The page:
The Story of Frank Murphy’s Impossible Railroad

railroad crossing

At the peak of its prosperity, the fabled Bradshaw Moun­tains of central Arizona produced a king’s ransom in gold and silver. Towns and mines with picturesquely whimsical names like Bueno, Turkey Creek, Tiger, Tip Top, Oro Belle and Big Bug were peopled with boisterous devil-may-care miners aptly described as unmarried, unchurched and unwashed. Each community boasted it was built atop the madre del oro and its streets would soon be cobbled with golden nuggets.

In 1899, the vast riches inspired railroad entrepreneur Frank Murphy to extend his Prescott and Eastern Line from Mayer into the heart of the great mountains. Although Murphy was warned he’d be stopped by this maze of rugged, perpendicular grades laced with canyons so steep that big horn sheep had to shut their eyes and walk sideways, he was determined to meet the challenge of the mountains. That’s why it’s best-remembered as Frank Murphy’s Impossible Railroad.

Rhino Beetles Found Only in Arizona

Dynastes Granti, Rhino Beetle

Q: I have lived here all of my 32 years, and ever since I can remember, every summer at night, I see the biggest, ugliest and fiercest-looking brown beetle. The other night I saw one of these things and sprayed it with bug killer, which only seemed to disorient it. It took undiluted tick poison to kill it. What are these things?

A: You know, if I were rich, I would just buy you people bug books and let you figure these things out by yourselves. I usually just throw away the bug questions because they are usually pretty vague. Along the lines of “I saw a black bug. What was it?”

However, in this case, I’m just about 100 percent sure that this guy saw—and needlessly slaughtered—a rhinoceros beetle, Dynastes granti.

They are the largest North American beetles and are believed to be found only in Arizona.

Who is Ol’ Bill Williams… as in Williams, AZ?

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The picturesque town of Williams takes its name from Bill Williams Mountain that towers above and provides as beau­tiful high country setting for a community as can be found in America. It’s a fitting place-name for ol’ Bill Williams, the “greatest fur trapper of ‘em all.”

Ol’ Bill was as colorful a man as any who ever forked a horse or mule and headed towards the setting sun. To those who knew the tireless old mountain man, he’d always seemed old and eccentric. His drunken sprees around Taos set the standard by which others tried to match but never could. Each season he rode alone into forbidding hostile Indian country and returned safely, his pack mules laden with precious beaver pelts.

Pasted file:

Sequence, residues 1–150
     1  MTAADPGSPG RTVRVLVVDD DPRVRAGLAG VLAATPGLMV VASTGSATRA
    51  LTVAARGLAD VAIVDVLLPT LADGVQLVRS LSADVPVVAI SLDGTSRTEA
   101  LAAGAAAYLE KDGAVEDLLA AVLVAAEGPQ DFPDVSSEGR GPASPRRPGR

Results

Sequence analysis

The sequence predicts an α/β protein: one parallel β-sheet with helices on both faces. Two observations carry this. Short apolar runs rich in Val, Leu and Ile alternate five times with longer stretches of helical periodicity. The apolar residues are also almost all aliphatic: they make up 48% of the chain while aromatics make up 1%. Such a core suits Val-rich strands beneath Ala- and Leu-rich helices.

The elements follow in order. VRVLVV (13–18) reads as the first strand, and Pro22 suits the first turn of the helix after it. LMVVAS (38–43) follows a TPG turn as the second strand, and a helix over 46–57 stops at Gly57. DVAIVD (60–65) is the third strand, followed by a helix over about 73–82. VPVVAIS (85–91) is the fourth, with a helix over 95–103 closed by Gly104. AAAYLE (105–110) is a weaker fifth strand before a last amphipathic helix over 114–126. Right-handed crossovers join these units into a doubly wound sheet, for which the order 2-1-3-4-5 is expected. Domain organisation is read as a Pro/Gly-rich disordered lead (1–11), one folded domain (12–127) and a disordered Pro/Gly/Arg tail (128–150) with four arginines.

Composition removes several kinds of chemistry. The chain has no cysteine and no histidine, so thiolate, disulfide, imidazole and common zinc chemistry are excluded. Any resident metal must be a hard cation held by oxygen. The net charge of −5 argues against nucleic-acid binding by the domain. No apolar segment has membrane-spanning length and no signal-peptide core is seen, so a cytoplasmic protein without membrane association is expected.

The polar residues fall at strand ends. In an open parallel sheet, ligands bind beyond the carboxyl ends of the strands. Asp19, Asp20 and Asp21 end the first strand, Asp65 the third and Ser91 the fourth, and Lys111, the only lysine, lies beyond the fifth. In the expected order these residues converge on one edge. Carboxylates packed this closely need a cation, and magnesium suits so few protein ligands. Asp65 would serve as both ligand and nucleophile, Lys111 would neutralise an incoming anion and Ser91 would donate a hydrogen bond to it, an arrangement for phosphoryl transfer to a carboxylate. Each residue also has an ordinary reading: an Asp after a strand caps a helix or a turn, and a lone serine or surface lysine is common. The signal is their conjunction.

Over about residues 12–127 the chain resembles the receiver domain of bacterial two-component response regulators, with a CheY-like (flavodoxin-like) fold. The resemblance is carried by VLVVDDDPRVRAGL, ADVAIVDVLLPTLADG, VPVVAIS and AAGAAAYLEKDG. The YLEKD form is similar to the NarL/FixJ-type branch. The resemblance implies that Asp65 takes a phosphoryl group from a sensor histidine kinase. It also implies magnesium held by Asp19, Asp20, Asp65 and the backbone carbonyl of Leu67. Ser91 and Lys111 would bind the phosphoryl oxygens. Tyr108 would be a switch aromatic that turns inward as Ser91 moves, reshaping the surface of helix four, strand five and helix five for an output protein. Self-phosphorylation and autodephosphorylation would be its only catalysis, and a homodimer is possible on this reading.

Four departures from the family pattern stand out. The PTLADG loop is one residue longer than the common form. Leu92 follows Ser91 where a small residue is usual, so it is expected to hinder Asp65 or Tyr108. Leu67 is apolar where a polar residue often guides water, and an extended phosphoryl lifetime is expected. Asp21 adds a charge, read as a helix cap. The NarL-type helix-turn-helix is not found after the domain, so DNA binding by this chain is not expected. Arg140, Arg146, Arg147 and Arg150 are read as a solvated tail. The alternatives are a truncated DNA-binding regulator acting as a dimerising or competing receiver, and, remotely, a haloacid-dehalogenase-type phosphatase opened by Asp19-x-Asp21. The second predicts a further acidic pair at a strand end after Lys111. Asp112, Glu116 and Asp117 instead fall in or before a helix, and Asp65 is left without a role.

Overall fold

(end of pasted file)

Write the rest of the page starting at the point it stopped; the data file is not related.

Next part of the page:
Ol’ Bill was a tall, skinny, redhead, with a high-pitched voice, his body battle-scarred and worn. He was known to run all day with six traps on his back and never break into a sweat.

ASU Makes PLAYBOY’s Top 10 List of Party Schools for 2011

ASU_sign

To anyone familiar with the nightlife scene at Arizona State University, this shouldn’t come as a huge shocker. The behemoth university has once again gained notoriety as one of North America’s top party schools, according to media giant PLAYBOY. The Wildcats were left out of the fun this year, but I do recall them landing the honor in the past.

PLAYBOY says the rankings were determined by student surveys and interviews, social media and feedback from PLAYBOY campus representatives. They also took male-to-female ratios, academics, winning percentage of sports teams and “proximity to beaches, ski slopes and lively music scenes” into account.

Are There Opossums in Arizona?

Q: My wife swears she saw an opossum the other night while walking the dog in our Mesa neighborhood. I think she was seeing things. Settle our bet. Are there opossums in Arizona?

A: Are there opossums in Arizona? Are you kidding?

Why do you think some parts of the state are uninhabited? There are opossums out there the size of St. Bernards, mutated by the drift from nuclear testing back in the ’50s. Their teeth are as long as car keys, and they are notoriously short-tempered. In 1973, a group of Boy Scouts camping near…

OK, I made that stuff up. I thought it might be more interesting than the real answer, which is: Sort of.

There are opossums in Arizona, although it is highly unlikely that the missus saw one in Mesa. Unlikely, but not impossible.

Arizona’s opossum population mostly confines itself to the area from Tucson south to the border.